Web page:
Coronavirus: Is It a Force Majeure Event?

Coronavirus: Is It a Force Majeure Event?

The spread of the COVID-19 virus, better known as the coronavirus, has become a global healthcare event that has caused concern for all member states of the world community. The spread of the virus has affected not only the health and safety of citizens but also the security of business relations in general.

In this connection, the issue of protection and prevention of doing business becomes especially urgent, because the spread of the virus can cause not only failures and interruptions in the operation of companies, but also non-fulfillment of contractual requirements by the parties, and evasion of those from the fulfillment of their obligations.

So, among the main points to which attention should be paid to participants in business relations that will help minimize the impact of the virus on their business, we can highlight:

1. Domestic policy of companies

It is important to ensure awareness among workers about the mechanism of action of the virus and its prevention. Mostly, it is ignorance that causes the malfunctioning of companies. In order to ensure business continuity, it is recommended to conduct fact-finding lectures, provide information leaflets that will help employees better understand the symptoms of the disease, the principles for identifying such in the early stages. Particular attention should be paid to personal hygiene, the use of antiseptic and other precautions.

Also, in order to ensure the possibility of remote work, the preparation and improvement of software at the company is appropriate. It is important that such an opportunity necessarily implies compliance with confidentiality information, as well as maintaining data integrity in the process of authorization of an employee.

2. Ensuring the implementation of contractual obligations

Given the potential delays in meeting obligations, we emphasize the need to review the terms of contracts, which due to circumstances cannot be completed on time. After all, such a delay can become the basis for large financial losses on the part of counterparties, as well as for the calculation of penalties.

Given the fact that the establishment of circumstances of force majeure can mean the release of a person from liability, the issue of determining the COVID-19 coronavirus as such is especially relevant.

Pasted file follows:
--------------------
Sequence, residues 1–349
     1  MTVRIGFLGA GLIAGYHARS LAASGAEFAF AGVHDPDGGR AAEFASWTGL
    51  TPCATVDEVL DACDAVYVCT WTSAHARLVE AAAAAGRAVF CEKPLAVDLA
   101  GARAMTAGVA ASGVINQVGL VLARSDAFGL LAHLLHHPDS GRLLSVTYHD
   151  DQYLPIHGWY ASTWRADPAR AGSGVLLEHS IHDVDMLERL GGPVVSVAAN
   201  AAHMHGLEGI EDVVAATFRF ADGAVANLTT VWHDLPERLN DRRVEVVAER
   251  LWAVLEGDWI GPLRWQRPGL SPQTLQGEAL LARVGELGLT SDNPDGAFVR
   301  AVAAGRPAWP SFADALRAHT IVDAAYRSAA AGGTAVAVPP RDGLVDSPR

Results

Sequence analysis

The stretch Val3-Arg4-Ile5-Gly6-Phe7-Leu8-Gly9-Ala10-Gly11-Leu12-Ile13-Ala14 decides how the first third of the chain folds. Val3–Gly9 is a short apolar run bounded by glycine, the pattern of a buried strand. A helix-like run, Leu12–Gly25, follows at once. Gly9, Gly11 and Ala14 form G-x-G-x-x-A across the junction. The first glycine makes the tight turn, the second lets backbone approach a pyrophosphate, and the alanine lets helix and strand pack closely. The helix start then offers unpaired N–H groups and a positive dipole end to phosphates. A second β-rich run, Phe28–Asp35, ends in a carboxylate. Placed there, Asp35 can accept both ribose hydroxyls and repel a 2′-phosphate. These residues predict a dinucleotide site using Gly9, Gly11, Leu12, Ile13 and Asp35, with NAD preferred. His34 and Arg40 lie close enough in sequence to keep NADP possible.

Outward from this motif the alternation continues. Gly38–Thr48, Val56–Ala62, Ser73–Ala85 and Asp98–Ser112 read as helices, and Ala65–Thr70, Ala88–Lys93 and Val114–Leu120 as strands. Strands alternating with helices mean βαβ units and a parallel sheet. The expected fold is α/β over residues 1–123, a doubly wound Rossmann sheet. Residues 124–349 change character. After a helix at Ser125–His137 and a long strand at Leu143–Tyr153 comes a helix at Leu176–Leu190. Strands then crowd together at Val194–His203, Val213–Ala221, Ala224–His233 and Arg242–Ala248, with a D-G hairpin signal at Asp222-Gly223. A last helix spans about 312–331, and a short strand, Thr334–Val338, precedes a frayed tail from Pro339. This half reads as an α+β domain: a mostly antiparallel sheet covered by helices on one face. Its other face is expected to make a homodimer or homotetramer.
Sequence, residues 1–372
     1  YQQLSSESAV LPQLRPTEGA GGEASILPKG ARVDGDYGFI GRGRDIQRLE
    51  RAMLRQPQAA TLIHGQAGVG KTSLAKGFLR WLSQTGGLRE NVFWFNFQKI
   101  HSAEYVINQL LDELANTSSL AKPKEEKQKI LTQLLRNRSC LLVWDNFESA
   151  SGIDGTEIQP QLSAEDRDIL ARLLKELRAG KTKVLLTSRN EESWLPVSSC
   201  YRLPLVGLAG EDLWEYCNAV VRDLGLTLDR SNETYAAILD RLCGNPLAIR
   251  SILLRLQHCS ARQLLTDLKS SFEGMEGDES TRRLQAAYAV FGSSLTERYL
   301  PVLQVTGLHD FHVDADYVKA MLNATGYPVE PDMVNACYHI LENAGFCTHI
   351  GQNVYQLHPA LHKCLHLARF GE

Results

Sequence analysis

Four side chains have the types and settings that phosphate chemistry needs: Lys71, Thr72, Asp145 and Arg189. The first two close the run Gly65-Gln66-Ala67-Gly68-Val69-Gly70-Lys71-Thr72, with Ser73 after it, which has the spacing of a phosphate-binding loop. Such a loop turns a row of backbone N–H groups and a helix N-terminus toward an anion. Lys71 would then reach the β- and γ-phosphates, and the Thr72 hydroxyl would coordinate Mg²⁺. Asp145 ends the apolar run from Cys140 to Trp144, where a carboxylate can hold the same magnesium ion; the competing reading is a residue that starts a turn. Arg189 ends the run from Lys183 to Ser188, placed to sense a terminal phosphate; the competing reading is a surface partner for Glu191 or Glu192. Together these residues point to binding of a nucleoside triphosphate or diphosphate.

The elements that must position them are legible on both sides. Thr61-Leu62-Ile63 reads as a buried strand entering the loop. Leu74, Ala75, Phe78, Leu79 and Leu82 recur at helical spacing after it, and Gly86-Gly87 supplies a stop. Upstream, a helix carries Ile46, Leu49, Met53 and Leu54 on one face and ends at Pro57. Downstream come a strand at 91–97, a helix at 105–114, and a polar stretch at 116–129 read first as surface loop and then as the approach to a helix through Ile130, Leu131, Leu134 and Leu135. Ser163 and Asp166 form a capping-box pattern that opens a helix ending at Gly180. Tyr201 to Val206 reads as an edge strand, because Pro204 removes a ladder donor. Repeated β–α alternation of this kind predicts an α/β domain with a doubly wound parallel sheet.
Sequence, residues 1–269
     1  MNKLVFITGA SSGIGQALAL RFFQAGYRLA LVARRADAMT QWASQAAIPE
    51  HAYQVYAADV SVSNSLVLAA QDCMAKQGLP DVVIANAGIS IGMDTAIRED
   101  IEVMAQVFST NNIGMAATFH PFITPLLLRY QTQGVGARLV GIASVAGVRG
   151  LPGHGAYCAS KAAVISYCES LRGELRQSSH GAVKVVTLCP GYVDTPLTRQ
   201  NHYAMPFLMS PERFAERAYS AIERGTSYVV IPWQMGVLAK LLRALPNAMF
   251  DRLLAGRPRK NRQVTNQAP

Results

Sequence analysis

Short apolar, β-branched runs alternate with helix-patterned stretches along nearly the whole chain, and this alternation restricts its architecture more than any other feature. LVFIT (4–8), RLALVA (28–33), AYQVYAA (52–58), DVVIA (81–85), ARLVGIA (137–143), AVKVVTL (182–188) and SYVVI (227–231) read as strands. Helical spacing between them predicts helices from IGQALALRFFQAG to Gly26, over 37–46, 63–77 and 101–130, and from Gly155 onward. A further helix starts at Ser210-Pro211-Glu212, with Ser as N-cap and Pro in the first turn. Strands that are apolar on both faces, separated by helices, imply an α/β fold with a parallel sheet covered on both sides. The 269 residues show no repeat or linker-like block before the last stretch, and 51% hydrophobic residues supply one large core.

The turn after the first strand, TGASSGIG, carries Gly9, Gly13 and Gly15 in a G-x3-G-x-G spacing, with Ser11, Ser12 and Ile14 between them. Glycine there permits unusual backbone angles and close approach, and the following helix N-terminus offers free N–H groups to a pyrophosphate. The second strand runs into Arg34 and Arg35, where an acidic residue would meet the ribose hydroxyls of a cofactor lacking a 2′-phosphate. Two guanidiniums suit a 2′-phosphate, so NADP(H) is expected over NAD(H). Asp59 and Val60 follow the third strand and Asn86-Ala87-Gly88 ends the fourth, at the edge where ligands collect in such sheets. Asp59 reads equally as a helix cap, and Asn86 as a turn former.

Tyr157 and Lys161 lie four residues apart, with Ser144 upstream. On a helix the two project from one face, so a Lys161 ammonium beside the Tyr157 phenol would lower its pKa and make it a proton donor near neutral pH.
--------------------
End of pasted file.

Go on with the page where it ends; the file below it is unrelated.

So, there are potentially two possible options for fixing coronavirus as a force majeure event. First, include a clause on COVID-19 in the contract. Secondly, to prove that the failure to fulfill the terms of the contract occurred precisely because of the influence of the coronavirus.

The use of the second reason may be difficult, given the rather high requirements for a person interested in confirming the circumstances of force majeure. So, the submitted documents must together indicate the extraordinary, inevitability and unpredictability of the relevant circumstances, as well as the direct causal relationship between the circumstance and the inability to fulfill their contractual obligations.

We recommend collecting and storing all documentary evidence of the effect of coronavirus on the ability to fulfill contractual obligations. Such evidence is correspondence, regulatory and administrative acts of individual action, and the like. The party should carefully record all events and circumstances associated with the epidemic that affect the ability to fulfill contractual obligations because it is necessary to prove and reliably establish both the moment of the occurrence of force majeure circumstances and the moment of completion of their negative impact.

One can really agree with the assertion that the spread of the COVID-19 virus can lead to problems related to doing business both at the internal level of the companies themselves and when the parties conduct external relations.

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